Cynthia Gallaher | Oats, Brown Rice, Cranberries and Figs

Oats: The Last Grain

When cool, misty hands
passed over wheat and barley fields,
a few stray oats pushed up a “V” for victory
waving at farmers, as if to say, “What about us?”

Taking them for weeds,
farmers took them down
but slowly noticed oat had a grain of its own,
perhaps of meager use in the stalls or henhouse.

If the last becomes first,
how come oats ended up
in the equine’s feedbag
instead of on the king’s table?

With knight-like strength, able to battle
cold climates in its husky unarmed coats,
encourage poor soil to bring out its inherent richness,
and carrying a legacy, oats transfers fortitude

To whomever consumes it.
Would it be out of line to say
it was missed back in 1816,
when a shortage left thousands of horses starved

And a pony-powered system lay outmoded for a season,
to lead someone to give transportation a new spin
with steedless steads, bicycles, followed by motor cars,
then a world too soon dependent on speed,

A whirl slowed only amid spiraling lipid
and blood sugar levels, and a realization
that oats aren’t only for horses,
nor are weeds.

Brown Rice Life Coaches

Hardheaded little buddhas
rise from legs that fail to roam,
feet wrapped in wet chartreuse
of terraced paddies.

Wading workers are the ones
to dance clockwise and counter around
shoots, who dip and whip
arms to harvest and thresh.

Small brown crowns
take bows along the road
to macrobiotics’ “big life,”
where little bones build larger ones,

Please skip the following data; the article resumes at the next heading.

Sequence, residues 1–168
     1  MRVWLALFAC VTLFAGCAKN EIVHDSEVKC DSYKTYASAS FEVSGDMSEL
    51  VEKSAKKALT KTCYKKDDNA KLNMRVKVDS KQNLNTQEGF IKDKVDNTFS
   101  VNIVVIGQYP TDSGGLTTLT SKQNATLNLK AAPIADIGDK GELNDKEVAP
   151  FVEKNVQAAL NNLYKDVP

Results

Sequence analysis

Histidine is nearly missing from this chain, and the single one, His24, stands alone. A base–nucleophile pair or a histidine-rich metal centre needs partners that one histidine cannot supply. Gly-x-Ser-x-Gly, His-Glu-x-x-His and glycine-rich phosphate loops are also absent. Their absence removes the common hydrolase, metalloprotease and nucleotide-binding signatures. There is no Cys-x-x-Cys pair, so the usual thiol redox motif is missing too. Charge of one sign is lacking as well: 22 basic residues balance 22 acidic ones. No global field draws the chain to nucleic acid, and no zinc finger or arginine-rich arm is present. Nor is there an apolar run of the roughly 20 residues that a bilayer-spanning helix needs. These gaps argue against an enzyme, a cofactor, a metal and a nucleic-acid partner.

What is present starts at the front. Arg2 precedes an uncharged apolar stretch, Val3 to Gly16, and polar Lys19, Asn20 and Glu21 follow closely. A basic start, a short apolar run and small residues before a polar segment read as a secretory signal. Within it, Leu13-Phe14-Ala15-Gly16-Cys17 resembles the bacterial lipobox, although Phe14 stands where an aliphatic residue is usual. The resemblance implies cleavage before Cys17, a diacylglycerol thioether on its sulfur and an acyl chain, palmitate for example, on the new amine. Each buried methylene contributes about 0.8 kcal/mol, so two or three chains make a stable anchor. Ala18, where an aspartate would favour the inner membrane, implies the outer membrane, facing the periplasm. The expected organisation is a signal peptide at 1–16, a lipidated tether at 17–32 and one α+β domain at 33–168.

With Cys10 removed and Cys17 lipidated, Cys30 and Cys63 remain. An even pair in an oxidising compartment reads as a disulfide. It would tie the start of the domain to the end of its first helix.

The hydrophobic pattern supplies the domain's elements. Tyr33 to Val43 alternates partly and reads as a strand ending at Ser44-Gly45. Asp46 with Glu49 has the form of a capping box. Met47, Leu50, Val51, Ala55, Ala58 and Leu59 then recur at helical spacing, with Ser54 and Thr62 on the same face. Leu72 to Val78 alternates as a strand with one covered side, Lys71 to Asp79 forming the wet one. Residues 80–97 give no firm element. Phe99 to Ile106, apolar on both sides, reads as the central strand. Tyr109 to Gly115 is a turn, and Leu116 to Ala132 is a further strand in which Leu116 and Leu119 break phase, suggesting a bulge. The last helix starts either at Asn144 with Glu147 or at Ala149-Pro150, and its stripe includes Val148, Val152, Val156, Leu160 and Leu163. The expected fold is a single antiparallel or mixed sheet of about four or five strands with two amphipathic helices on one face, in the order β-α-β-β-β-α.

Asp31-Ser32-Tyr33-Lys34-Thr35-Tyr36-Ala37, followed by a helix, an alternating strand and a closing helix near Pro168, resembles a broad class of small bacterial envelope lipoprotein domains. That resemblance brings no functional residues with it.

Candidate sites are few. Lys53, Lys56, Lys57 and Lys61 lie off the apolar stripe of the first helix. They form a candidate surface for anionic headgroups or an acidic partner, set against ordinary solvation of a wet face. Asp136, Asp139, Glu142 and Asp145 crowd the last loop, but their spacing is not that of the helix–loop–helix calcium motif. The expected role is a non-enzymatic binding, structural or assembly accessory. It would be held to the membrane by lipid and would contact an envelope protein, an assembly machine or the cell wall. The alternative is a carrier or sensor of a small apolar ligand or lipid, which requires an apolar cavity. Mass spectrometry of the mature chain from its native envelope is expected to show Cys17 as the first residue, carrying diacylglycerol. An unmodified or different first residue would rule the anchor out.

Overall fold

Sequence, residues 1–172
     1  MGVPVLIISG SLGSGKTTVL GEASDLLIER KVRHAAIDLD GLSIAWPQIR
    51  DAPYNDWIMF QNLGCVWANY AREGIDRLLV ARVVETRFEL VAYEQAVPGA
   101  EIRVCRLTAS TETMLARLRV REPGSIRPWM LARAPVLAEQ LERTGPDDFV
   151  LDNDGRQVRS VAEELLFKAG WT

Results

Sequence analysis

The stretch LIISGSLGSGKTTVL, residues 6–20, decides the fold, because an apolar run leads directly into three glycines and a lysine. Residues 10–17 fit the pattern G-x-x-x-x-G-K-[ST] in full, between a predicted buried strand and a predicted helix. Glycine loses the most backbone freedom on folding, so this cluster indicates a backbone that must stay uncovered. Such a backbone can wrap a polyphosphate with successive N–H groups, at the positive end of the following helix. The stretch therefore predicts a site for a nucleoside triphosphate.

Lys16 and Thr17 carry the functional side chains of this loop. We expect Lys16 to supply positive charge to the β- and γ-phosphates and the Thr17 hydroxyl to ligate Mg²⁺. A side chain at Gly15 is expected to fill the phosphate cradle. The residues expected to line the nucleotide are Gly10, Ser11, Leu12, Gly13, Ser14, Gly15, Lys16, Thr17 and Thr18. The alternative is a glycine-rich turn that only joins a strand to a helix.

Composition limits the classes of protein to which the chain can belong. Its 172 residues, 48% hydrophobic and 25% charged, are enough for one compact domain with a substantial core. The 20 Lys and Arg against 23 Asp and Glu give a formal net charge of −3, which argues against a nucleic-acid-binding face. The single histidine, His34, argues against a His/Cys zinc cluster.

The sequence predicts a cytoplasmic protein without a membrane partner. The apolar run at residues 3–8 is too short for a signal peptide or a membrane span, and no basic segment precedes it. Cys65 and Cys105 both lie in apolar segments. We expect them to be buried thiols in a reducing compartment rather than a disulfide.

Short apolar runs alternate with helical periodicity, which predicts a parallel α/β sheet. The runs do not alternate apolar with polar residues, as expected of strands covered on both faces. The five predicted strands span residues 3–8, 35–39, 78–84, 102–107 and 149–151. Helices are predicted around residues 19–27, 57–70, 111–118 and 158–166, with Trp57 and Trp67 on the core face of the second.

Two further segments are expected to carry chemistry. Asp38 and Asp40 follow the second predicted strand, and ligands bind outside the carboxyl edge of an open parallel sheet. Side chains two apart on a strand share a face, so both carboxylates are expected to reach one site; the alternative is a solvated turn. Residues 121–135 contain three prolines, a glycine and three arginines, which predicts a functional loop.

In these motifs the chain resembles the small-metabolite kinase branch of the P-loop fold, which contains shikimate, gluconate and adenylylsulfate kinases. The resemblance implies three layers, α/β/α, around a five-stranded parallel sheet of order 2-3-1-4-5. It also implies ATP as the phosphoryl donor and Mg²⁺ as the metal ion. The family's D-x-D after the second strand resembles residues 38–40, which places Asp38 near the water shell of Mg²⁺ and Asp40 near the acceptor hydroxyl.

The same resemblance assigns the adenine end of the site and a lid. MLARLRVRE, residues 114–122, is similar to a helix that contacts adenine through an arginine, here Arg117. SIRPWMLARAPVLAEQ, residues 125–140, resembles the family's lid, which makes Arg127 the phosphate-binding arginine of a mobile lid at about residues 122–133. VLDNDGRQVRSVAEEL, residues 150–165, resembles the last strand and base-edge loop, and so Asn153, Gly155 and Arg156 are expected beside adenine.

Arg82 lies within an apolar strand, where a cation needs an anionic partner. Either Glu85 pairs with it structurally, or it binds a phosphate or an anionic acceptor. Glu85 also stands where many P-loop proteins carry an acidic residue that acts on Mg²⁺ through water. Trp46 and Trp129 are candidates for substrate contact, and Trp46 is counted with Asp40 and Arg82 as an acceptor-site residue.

The skeletal structure of diet number seven,
cups of green tea
for breakfast, afternoon snack,
then brown rice for lunch and dinner,

For a solid week.
To some,
to eat is
to eat rice.

What can you do in 45 minutes?
Teach a class before the bell rings,
get to Broadway if you live 45 minutes
from Broadway.

Swim 100 lengths of the pool at a steady clip,
and cook brown rice in between,
grain domesticated millennia ago
to suit both today’s multi-taskers

or those who count each measured spoonful as meditation.

Massachusetts Cranberries

Afloat, a party of redheads on a giant waterbed,
squeezed into cozy corners before they freeze
by sleepy workers hip-high in prophylactic waders.

Or are they gathered like scarlet colonies
of miniature planet mars vanquished to earth,
set loose from ancient-armored spaceships barrels.

Through the processing factory window
brigades of tangy spheres bounce madly
florid against the backdrop of thick snow.

Then bagged like pachinko parlor booty
to soon become Thanksgiving sauce,
tart juice tender to holding tanks,

Or strung white, red, white, red,
both self-contained and exploded on thread
in rows with popcorn.

Figs: Animal, Vegetable and Mineral?

Is trans-species hanky panky taking place
in plain sight, open air, beneath fig leaves?

Pushy, stingless, pollen-ridden wasps
lose wings and antennae on one-way trips

Through fig’s valve-like eye,
to burrow in its fertile maw,

To weave wispy wasp feet
into fleshy furnishings,

Line walls thickly in onyx,
strew carpets with amethyst pillows.

To help become the food that
separates the civilized from barbarian.

Yet make fools of those
who savor figs as a strictly vegan treat.

 

 

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